Full disclosure: when transcribing my diary entry in 2002 I couldn’t clearly read the date — thanks to marker bleed-through from the other side of the page — so I just made a guess based on the comic’s cover-date. But now I know better: the actual date of the diary entry was more likely Feb 17th or 18th, not 24th.
In case you can’t read the scan, here’s the text:
25 years, eh? Congratulations! I have to admit that I’ve strayed from time to time, but I always come back, and there’ll always be a special place for 2000 AD inside my motion lotion distribution unit. Anyway, to the main point of this missive: this morning I was reading through an old diary and I came across a rather interesting entry. I was ten years and eleven months old at the time of writing — I’ve preserved all the mistakes and bad grammar for posterity!
24th Feb 1977
Last night I got the new comic that they were talking about on the radio. its called 2000 A.D. and its very good. The comics came into the shop when I was there so I am the first one to get it. Brian got his today after school and Robert hasent got his yet.
The first story is Invasion!. Its a war story but its in the future even though it dosent look like the future. The only thing futurish about it is the first sentence. “This is BBC Three.” I really like Dan Dare but Dad said that they changed him from when he was in Eagle. M.A.C.H.1 is copied from Steve Austin and even looks like him in the last drawing. Flesh has cowboys fighting dinosaurs just like The Valley of the Gwangi which was on TV last year. The best story is Harlem Heroes and it has the best art apart from the last page which looks like it was drawn by a different artist.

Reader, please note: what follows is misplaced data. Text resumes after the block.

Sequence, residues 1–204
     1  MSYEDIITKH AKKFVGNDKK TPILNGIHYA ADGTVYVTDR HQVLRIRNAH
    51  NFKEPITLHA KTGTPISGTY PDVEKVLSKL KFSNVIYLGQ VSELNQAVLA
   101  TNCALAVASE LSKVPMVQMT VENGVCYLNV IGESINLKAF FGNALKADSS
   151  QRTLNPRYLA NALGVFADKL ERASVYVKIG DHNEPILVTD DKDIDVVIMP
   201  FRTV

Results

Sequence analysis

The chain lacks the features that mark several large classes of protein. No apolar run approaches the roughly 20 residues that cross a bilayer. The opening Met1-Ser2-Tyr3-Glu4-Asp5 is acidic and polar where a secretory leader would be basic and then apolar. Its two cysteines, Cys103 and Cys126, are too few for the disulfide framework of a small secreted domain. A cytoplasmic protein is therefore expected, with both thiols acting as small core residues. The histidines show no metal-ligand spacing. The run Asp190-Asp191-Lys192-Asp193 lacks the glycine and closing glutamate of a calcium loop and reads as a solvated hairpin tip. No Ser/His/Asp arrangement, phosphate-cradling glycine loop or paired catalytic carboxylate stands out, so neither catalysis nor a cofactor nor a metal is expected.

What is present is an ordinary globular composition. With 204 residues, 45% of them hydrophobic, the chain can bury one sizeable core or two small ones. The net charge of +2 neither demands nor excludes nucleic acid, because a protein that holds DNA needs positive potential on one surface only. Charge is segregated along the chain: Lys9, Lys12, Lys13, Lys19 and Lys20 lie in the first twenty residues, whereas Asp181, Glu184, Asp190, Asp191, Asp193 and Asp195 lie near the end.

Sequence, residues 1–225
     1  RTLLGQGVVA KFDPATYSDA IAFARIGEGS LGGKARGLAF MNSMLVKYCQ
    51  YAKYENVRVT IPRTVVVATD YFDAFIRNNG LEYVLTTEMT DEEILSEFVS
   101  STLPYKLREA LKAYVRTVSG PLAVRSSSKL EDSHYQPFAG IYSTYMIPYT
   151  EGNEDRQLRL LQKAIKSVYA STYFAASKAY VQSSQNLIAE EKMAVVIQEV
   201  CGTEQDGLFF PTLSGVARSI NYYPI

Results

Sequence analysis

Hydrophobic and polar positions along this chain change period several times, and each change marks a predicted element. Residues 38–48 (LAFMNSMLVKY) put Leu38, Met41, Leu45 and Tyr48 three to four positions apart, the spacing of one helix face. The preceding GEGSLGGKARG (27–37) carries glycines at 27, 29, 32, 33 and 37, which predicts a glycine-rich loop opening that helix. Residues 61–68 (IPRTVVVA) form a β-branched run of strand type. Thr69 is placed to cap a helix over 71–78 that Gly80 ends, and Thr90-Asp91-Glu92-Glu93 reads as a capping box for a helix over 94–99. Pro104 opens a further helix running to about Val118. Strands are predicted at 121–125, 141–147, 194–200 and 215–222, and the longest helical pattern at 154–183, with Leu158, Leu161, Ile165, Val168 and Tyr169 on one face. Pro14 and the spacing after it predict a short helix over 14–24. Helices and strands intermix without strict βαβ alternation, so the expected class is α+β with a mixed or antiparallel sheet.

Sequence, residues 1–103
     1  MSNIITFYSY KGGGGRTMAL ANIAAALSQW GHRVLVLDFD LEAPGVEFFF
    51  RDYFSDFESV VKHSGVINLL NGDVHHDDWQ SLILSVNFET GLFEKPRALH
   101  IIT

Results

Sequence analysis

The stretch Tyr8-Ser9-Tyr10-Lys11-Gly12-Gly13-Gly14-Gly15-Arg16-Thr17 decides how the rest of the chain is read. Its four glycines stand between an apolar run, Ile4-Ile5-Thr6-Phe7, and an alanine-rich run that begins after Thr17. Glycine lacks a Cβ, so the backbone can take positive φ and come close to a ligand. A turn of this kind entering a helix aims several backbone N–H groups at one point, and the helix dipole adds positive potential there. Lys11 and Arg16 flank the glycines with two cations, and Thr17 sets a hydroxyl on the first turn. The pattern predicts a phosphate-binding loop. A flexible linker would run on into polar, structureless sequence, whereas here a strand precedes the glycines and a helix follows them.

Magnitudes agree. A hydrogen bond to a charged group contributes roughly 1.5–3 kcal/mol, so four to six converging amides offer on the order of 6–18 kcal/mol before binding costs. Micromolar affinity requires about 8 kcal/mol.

The comic is a lot like Action but not as bloody. One thing thats very diffrent from other comics is that their are no sound effects like Crash! or Bang!
My Space Spinner went into next doors garden the first time I threw it so I have to wait until they get home from work before I can get it back.
Next week 2000 A.D. will have free stickers and a new story called Judge Dredd. If its any good I will stop buying Bullet and buy 2000 A.D. instead.
So there you go! Unfortunately my diary-keeping was rather patchy, so I’ve no record of my first impressions of Judge Dredd. However, I did indeed stop buying Bullet so I must have been impressed.
Over the following weeks, my friends and I became avid fans. We played at being Judge Dredd, John Probe and Dan Dare, our Space Spinners made a lot more visits to the neighbours’ gardens, we waited eagerly for the arrival of each new prog every Thursday afternoon, we speculated on what the comic would be called after the year 2000, we invented our own land-based version of Aeroball, and we drew up survival plans for the imminent Volgan invasion.
1977… It was a glorious year, and we had a lot of fun. Thanks!
Nameless Earthlet, via email
My pleasure, Earthlet. it is reward enough to learn of the impact and enduring influence the Galaxy’s Greatest Comic has had upon a whole Terran generation. But make sure you contact the Nerve Centre with your name and postal address to receive your exclusive set of 2000 AD postcards!